Reversion to the mean

It would appear that the Federal Reserve is beginning to wake up to the harsh reality that the power to create money through credit is not tantamount to either omnipotence or even intermediate term price supports.  It’s not what they’re saying that is interesting, as all they’re doing is stating the completely obvious.  But it is very interesting indeed that it is two economists at the Dallas Fed who are stating it in public in their Economic Letter entitled “The Fallacy of a Pain-Free Path to a Healthy Housing Market“.  They write: Without intervention, modest home price declines could be allowed to resume until inventories clear. An analysis found that home prices increased by about 5 percentage points as a result of the combined efforts to arrest price deterioration.  Absent incentive programs and as modifications reach a saturation point, these price increases will likely be reversed in the coming years. Prices, in fact, have begun to slide again in recent weeks. In short, pulling demand forward has not produced a sustainable stabilization in home prices, which cannot escape the pressure exerted by oversupply.”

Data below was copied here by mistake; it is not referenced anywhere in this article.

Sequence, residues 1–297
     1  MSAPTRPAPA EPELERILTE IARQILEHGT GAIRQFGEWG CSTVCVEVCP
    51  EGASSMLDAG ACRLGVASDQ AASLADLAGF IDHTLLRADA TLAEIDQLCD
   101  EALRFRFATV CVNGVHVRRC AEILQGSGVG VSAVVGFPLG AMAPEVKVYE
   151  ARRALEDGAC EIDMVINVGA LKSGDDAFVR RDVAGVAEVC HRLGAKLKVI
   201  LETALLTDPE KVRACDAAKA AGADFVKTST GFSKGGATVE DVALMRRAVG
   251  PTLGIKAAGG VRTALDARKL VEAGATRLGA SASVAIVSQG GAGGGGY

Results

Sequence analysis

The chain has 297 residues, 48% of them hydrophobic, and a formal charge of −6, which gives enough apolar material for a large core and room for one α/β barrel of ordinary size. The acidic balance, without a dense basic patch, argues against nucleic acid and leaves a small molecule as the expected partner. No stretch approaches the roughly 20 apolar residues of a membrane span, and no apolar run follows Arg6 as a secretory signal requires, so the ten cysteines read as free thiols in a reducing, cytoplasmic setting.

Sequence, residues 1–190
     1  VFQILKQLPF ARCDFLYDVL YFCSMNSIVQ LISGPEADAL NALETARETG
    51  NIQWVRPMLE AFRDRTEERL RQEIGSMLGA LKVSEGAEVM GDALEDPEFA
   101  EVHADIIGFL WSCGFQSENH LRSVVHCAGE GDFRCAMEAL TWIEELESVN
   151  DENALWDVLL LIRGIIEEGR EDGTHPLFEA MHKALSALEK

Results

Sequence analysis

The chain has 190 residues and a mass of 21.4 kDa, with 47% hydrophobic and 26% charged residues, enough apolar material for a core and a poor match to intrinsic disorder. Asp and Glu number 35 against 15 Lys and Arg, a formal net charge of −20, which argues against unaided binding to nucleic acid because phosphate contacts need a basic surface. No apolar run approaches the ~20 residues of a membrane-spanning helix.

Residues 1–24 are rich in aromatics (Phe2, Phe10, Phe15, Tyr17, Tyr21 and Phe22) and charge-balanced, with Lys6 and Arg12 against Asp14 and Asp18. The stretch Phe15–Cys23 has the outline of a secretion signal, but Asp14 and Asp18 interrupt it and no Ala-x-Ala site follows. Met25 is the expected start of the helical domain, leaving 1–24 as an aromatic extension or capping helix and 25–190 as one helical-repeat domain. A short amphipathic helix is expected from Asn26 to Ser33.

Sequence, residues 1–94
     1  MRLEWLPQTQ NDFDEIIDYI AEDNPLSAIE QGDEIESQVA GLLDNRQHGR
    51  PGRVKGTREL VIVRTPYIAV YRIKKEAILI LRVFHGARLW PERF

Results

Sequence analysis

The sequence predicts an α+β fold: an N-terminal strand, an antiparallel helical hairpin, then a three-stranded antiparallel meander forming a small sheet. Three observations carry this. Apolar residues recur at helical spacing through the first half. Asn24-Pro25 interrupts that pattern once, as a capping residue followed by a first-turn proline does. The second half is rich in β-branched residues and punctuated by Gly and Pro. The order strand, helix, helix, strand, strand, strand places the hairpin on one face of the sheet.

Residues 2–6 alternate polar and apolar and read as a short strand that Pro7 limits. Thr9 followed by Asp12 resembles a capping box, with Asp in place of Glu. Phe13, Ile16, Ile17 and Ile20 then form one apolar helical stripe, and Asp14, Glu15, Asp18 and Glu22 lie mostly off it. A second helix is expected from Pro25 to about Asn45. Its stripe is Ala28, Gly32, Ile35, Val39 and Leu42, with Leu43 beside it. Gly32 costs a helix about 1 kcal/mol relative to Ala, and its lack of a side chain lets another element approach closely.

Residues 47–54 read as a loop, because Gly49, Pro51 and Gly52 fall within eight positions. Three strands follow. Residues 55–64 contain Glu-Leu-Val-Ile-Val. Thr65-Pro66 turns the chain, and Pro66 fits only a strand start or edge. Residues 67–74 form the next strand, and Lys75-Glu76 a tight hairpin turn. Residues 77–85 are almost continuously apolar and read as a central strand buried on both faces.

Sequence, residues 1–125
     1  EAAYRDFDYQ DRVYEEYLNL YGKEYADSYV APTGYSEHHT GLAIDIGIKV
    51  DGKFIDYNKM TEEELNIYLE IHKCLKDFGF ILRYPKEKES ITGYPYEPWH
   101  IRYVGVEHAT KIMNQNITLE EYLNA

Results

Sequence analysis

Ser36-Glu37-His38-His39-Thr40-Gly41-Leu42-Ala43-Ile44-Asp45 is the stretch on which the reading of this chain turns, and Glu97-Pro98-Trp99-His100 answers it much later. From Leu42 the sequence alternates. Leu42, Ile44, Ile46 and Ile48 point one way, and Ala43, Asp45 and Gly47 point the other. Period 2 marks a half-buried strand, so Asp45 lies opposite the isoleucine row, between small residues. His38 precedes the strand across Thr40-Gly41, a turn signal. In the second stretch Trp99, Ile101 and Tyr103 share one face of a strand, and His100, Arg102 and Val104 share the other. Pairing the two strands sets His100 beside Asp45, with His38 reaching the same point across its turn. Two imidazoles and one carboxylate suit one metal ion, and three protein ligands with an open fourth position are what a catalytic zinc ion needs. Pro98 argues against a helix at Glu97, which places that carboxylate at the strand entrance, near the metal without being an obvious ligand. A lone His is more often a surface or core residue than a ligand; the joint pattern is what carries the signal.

Speaking of stating the obvious, the “analysis” sounds like a joke.  Home prices have been around 170,000, so 5 percent is $8,500.  Coincidentally enough, the 2009 federal tax credit was $8,000.  Imagine that.  Anyhow, consider yourself warned, as housing prices should be heading down next year and the decline probably won’t be as modest as the Fed would prefer.

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